An information storage and retrieval system (ISRS) is a network with a built-in user interface that facilitates the creation, searching, and modification of stored data. An ISRS is typically a peer-to-peer network operated and maintained by private individuals or independent organizations, but accessible to the general public. Some, but not all, ISRSs can be accessed from the Internet. (The largest ISRS in the world is the Internet itself.)
Characteristics of an ISRS include lack of centralization, graceful degradation in the event of hardware failure, and the ability to rapidly adapt to changing demands and resources. The lack of centralization helps to ensure that catastrophic data loss does not occur because of hardware or program failure, or because of the activities of malicious hackers. Graceful degradation is provided by redundancy of data and programming among multiple computers.
The physical and electronic diversity of an ISRS, along with the existence of multiple operating platforms, enhances robustness, flexibility, and adaptability. (These characteristics can also result in a certain amount of chaos.) In addition to these features, some ISRSs offer anonymity, at least in theory, to contributors and users of the information.
A significant difference between an ISRS and a database management system (DBMS) is the fact that an ISRS is intended for general public use, while a DBMS is likely to be proprietary, with access privileges restricted to authorized entities. In addition, an ISRS, having no centralized management, is less well-organized than a DBMS.
As tasks are being performed on the computer, the need for storing the resultant information arises. The earlier sets of computers did not support starage but from the history of computer, we discovered that EDSAC (Electronic Delay Storage Automatic Computer) was the first to support storage. It was a landmark in computing. Storage devices we’re invented with recent developments in technology.
With the rapid development in the computer world, program became bigger than ever before. Since these programs are run on computers, they have to be in a place where they can be easily accessed. And tasks performed on computers need to be stored in one form or the other.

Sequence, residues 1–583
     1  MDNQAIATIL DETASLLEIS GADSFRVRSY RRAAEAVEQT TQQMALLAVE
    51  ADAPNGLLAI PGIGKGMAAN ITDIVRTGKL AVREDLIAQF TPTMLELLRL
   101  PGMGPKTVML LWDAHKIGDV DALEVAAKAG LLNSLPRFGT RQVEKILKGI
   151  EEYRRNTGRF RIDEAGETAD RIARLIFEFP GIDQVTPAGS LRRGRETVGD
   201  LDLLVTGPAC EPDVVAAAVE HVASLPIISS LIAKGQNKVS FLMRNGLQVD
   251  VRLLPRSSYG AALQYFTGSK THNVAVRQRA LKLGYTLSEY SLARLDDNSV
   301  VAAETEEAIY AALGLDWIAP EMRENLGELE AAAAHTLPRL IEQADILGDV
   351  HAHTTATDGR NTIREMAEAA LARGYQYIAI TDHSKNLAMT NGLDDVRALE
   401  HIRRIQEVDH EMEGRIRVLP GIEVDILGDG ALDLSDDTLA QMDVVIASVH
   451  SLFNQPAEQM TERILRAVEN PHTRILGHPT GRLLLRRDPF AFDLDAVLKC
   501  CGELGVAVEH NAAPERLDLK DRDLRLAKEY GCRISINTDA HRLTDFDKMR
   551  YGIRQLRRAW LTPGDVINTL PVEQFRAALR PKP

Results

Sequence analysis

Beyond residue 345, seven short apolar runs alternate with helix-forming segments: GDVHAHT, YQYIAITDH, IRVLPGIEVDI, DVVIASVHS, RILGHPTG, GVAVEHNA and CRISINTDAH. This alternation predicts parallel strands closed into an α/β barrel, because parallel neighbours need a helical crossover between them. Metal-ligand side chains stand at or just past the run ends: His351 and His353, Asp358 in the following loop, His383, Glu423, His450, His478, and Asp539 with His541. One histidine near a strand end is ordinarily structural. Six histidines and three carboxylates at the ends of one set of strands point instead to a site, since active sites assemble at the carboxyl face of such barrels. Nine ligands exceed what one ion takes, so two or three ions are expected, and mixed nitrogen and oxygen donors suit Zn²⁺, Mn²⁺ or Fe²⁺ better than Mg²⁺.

Generally, programs are written and stored in files. Just as school rules and regulations are written line-by-line and page-by-page.
Types of files
Files are normally stored as:
System files which allow the computer to work
Application files which are files from programs written to run on the computer for specific tasks.
Data files which are generated as a result of using application files or input.
These files differ in sizes according to the number of characters and graphics they hold (bjts and bytes).
Types of storage
There are basically two types of storage. They are the temporary and permanent storage media.
This refers to the unit of the system called the primary or internal memory. It resides in the CPU. It is termed the active memory. Any data coming into the system are temporarily stored in this medium. Information can easily be obtained from this medium by the system of processing.
If there is a power outage, or the system is shut down, the memory goes off and therefore every information therein is lost. The memory is also called Random Access Memory (RAM). It can store limited amount of information. Most computers also contain Read Only Memory (ROM), which can only be read, nothing can be written on to it.
Permanent storage, also external or secondary storage, stores information permanently. Information stored will not be erased from the memory even during a power outage.
Since the computer needs to store large quantities of data and the memory can only store limited amount of information, the permanent storage media which can hold a lot of information are, therefore highly needed. The necessary information can then be passed on the RAM where they will be processed by the microprocessor.